Four-Dimensional Sequencing

Researchers study organisms’ genomes using a process called ribonucleic acid sequencing (RNA-seq), which gives a holistic picture of what genes that organism’s cells are expressing.  Recently, Yale PhD candidate Jeremy Schofield and colleagues working in Associate Professor Matthew Simon’s lab introduced a new RNA-seq method called TimeLapse-seq. Published in Nature Methods, this technique reveals changes in RNA dynamics over a given time period.  Previous techniques looking at changes over time required large amounts of RNA molecules for sequencing, but this new method requires exponentially less material. 


RNA-seq relies on the manipulation of biology’s central dogma: DNA is transcribed into RNA and RNA is translated into proteins, which effect change within an organism.  RNA is the essential intermediate in this chain. However, only certain fragments of an organism’s DNA are transcribed into RNA at any given time, so RNA-seq allows researchers to identify relative abundances of RNA molecules and thus which genes are currently expressed. TimeLapse-seq allows researchers to track changes in RNA levels over time, which could occur from development or stress responses. The process behind TimeLapse-seq mirrors RNA-seq, with one additional step: labeling of new RNAs to distinguish them from old RNAs.  Other research groups perform labeling for similar purposes, but this technology is the first to make the label visible on a sequencer. 

RNA-seq involves converting an organism’s RNA back into single stranded DNA, but in TimeLapse-seq metabolic labeling occurs before this reverse transcription. Researchers start by giving a cell of interest 4-thiouridine, a sulfur-containing modified version of uridine, one of the four nucleotides that comprise RNA strands.  The cell then uses some 4-thiouridine to make new RNA.  To distinguish between the old RNA and the new RNA, Schofield and the Simon lab developed a way to mutate the 4-thiouridine nucleotide on new RNAs. The sulfur in 4-thiouridine is oxidized and an amine is substituted into the ring, changing 4-thiouridine into a molecule similar to cytidine, a different RNA nucleotide (Figure 1)].  This mutation can then appear on a sequencer.    

After the cell has been treated with 4-thiouridine, the mixture of old and new RNA is sequenced.  Researchers then reference standard already-sequenced genomes to identify where nucleotide mutations occurred. As a result, using TimeLapse-seq, researchers can estimate how much new RNA was made from a specific gene during the time period of interest. One limitation, however, is that the technique does not indicate when the new RNA was made over the specified time period.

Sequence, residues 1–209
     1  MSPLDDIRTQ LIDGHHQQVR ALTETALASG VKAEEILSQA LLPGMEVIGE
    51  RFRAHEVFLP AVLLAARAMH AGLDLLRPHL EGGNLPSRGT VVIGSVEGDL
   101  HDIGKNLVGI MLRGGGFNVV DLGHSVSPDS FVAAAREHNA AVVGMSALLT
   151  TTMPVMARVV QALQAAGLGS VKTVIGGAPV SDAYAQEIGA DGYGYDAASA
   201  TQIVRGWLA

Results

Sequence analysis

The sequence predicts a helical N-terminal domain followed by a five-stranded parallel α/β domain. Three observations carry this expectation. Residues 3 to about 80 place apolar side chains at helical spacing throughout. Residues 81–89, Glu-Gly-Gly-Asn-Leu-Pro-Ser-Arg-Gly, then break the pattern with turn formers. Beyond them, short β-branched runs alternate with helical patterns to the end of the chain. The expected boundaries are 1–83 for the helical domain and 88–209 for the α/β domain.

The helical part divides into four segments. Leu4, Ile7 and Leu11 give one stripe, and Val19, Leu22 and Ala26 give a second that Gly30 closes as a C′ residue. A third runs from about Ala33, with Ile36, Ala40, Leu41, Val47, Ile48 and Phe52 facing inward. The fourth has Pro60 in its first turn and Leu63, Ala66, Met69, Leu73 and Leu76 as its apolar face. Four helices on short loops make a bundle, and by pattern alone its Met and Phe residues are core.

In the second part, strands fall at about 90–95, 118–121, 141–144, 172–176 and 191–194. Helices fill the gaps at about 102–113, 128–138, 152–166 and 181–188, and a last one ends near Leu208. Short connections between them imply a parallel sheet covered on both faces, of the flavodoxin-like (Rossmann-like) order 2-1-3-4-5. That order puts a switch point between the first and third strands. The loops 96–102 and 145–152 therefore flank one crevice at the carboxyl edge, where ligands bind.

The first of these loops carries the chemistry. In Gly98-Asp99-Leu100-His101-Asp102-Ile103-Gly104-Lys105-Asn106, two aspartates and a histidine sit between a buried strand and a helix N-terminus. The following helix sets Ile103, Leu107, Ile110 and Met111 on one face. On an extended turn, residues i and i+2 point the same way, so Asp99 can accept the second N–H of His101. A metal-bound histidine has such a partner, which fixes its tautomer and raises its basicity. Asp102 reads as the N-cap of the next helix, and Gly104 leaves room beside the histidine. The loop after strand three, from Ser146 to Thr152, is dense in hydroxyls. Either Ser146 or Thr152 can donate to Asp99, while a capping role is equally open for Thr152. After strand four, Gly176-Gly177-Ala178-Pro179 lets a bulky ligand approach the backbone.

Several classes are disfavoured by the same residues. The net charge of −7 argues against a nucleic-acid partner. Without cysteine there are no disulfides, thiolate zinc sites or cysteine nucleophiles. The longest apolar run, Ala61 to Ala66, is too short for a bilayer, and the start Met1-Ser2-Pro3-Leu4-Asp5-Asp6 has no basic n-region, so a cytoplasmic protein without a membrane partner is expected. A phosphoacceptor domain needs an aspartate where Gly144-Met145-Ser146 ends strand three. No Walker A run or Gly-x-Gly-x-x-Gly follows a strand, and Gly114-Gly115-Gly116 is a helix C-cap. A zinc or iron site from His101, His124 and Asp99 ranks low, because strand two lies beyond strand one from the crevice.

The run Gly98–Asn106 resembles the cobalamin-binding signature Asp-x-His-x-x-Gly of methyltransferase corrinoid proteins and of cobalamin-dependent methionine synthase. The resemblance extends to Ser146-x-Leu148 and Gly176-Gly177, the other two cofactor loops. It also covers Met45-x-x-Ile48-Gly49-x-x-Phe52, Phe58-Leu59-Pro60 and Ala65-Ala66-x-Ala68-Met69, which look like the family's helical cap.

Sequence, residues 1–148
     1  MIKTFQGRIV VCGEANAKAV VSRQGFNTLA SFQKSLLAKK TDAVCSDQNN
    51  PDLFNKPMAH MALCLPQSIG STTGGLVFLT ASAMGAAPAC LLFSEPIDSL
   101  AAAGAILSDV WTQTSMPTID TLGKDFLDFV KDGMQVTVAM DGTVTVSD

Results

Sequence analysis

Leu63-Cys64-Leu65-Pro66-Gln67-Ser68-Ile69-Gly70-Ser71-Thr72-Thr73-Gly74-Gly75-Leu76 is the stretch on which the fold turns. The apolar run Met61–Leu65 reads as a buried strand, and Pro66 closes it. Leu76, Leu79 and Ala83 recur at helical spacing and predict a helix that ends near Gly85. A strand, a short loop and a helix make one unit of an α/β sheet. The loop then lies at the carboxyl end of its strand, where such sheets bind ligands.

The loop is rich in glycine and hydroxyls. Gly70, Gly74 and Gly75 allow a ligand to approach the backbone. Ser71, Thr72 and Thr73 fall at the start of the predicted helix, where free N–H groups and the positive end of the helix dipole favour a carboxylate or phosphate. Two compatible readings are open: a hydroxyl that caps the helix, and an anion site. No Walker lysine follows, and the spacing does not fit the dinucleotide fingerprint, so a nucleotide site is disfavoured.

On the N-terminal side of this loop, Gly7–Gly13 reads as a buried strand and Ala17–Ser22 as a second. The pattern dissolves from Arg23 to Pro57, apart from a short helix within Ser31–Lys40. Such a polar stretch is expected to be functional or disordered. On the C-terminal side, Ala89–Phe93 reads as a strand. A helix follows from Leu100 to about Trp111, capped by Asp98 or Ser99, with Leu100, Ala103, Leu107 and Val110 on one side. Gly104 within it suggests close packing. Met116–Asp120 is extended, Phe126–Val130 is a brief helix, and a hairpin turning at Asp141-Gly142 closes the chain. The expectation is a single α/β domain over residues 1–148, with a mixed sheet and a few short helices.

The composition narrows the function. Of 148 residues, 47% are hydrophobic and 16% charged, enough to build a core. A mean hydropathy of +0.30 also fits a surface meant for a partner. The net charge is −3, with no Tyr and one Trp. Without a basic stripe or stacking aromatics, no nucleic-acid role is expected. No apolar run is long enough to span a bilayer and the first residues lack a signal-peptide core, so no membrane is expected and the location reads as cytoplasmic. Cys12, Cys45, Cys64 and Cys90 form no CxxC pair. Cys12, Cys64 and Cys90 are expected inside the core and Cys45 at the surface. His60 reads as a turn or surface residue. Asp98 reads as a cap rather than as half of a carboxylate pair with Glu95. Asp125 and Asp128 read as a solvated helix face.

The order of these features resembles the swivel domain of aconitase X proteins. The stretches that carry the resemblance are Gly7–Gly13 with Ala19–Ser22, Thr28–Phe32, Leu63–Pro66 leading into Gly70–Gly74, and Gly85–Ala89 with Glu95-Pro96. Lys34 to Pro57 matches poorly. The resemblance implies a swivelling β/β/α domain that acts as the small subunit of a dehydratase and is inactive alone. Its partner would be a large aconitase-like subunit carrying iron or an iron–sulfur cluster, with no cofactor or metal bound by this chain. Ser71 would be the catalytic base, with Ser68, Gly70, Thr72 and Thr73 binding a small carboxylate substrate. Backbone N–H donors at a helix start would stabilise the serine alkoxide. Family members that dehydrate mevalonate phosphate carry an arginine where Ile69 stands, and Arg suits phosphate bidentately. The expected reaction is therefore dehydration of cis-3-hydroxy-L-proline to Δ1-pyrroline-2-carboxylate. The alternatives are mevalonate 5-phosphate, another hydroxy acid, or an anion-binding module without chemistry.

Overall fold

Previous temporal sequencing techniques required tens to hundreds of micrograms of RNA.  TimeLapse-seq only requires nanograms or picograms of RNA material because it does not involve biochemical enrichment, a technique used to concentrate RNA for further analysis. In terms of cell numbers, previous techniques required at least 1 million cells, whereas TimeLapse-seq can use just 10,000 cells. 

This technique allows Schofield and others to look to new horizons. “TimeLapse-seq opens up opportunities to look at biological systems that weren’t scalable before,” he said. For example, researchers can use TimeLapse-seq to study how different mouse tissues react to drugs, specifically looking at changes in RNA populations at different time periods after receiving the drug. This would not have been possible with previous techniques.

The Simon lab is working to extend the TimeLapse-seq technology to other kinds of molecules, and they are beginning to collaborate with groups studying systems of small sample size that can benefit from this technique. Thanks to of TimeLapse-seq, questions that Jeremy and his colleagues may never have stumbled upon themselves can now play a bigger role in the scientific conversation.